The average savings rate in China is over 30 percent – that is above-average measured by any global average. In other words, a third of the income of a household does not flow back in the economy but stays blocked in a bank-account or somewhere else. Many, including the Chinese government, see this as a problem. But is it?
Three quick questions: Why do Chinese save? How do they save? And what does that mean?
There are a number of factors explaining why Chinese save. Three are the most important. First, since there is no welfare-state and an underdeveloped insurance market, Chinese families have to take planning into their own hands: retirement, education, taking care of one’s parents and preparing for the unknown unknowns of life.
Then again, historically, culturally and due to experience, many Chinese don’t completely trust government policies. No one can say if the next expropriation is looming behind a party-plenary…or if the next wave of inflation lurks behind a currency-decision.
Thirdly, there is also precautionary savings. Chinese households live in liquidity constraints since it is very difficult for them to get a credit line in a banking institution. Therefore, precautionary savings are important for unexpected expenses that cannot be met by temporary indebtedness.
How to save?
Now comes the difficult question. Wealthy Chinese with family ties or other connections abroad usually try to invest some of their money in Europe and North America; usually after passing through Hong Kong. This is part of portfolio-diversification and a flight into politically secure regions. Middle-class Chinese diversify domestically. In order to escape inflation, they put their money into real-estate. The idea is, if prices rise, the value of buildings, condos, and apartments rise too. In order to maintain liquidity and ensure some longer-term profit, they either leave their money in banking accounts – high liquidity – or invest in what has been called the “shadow bank” system – high profits.
“Shadow banks” are in their majority reputable institutions offering investment vehicles that banks don’t. These vehicles aren’t mostly anything out of the exceptional. Mostly, they are investment funds. But since they are not regulated as banks, they are often veiled as something sinister. The point is: Chinese banks only offer some very simple services and are often steered politically. This makes most of their investments low-yielding and therefore unattractive for savers.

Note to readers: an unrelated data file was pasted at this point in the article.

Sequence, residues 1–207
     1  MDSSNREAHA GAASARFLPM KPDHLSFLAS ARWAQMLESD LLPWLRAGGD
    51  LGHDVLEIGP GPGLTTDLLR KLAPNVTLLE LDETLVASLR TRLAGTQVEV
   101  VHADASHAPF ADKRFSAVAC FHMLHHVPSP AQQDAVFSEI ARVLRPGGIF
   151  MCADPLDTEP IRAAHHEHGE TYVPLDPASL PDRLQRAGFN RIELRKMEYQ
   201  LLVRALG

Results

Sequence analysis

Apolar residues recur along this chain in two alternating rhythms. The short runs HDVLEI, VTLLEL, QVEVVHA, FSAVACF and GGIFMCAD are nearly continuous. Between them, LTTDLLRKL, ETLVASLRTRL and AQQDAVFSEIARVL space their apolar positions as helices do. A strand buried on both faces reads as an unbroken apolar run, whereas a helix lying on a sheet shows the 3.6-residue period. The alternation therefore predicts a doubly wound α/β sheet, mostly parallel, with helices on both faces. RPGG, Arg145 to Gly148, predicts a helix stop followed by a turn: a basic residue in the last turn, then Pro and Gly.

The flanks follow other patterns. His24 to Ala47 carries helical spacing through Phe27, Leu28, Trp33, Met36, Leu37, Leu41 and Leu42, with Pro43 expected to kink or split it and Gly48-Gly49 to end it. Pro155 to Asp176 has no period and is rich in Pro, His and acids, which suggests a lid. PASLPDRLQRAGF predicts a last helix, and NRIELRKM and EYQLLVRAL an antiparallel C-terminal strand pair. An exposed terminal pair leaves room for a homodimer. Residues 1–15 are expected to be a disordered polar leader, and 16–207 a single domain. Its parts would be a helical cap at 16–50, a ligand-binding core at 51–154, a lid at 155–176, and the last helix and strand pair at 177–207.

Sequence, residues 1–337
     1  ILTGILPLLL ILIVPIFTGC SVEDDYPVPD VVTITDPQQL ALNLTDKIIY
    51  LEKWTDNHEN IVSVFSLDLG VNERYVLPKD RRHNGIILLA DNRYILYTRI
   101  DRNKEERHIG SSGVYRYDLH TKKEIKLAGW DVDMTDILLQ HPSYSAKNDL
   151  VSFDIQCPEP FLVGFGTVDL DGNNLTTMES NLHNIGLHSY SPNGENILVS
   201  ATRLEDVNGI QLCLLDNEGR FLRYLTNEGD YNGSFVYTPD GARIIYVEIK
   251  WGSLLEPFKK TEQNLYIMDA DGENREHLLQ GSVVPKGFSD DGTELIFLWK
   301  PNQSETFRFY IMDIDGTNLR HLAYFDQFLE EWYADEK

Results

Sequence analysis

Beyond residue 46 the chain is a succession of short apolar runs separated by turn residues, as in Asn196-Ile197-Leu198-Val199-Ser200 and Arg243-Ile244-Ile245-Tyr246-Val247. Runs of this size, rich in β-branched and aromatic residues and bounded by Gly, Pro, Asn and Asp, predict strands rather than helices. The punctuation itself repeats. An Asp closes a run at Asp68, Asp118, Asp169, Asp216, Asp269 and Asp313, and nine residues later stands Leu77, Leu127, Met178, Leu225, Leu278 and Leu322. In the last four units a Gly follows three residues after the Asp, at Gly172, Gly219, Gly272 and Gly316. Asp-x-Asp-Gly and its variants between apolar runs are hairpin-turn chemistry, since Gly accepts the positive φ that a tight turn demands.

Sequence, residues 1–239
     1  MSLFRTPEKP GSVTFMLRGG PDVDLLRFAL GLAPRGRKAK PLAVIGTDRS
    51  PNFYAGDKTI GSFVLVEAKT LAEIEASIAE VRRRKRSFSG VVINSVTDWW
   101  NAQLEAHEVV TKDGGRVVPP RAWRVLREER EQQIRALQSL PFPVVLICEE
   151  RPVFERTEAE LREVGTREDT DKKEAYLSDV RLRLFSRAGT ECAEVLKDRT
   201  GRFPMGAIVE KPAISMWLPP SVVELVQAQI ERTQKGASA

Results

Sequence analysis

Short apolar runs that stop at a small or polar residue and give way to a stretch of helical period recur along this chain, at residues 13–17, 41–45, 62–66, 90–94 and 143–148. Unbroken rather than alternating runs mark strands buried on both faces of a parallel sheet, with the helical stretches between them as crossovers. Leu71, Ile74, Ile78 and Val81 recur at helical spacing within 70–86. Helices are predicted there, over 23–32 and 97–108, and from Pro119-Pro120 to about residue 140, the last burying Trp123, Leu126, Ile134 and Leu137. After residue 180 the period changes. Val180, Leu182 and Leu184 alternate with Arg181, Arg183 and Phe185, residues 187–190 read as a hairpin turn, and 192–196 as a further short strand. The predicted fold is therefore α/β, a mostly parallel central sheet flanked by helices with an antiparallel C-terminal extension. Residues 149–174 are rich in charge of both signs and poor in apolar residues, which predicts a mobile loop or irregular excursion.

The fourth possibility is stock market investment. This is rather a new opening and was incentivized by government. The same government that wants to keep “shadow banking” in check because their volatility wants people to invest in shares and stock options. What happened? As by mid-2016 stock markets oscillated, people panicked. Most importantly, government panicked closing the markets and therefore sending a negative signal to potential investors, especially to the small savers.
What does this mean?
Chinese policymakers say their country must end its reliance on investment in factories and infrastructure for growth and rebalance to a more consumption-driven economy. This also means that they want people to save less. But it is the savings of today that determine the consumption of the future. High rates of household-savings make an economy more stable.
How to combine the high-rate of household savings and the further development of the economy? The answer is to let households save, but offer real possibilities to save. For example by de-politicizing banks, by allowing investment vehicles and by letting small investors act in the stock market. For all of this to happen, risk and rewards must be aligned. And that means allowing for and embracing risks. Easier said than done.
Henrique Schneider is chief economist of the Swiss Federation of Small and Medium Enterprises (sgv). He can be reached at firstname.lastname@example.org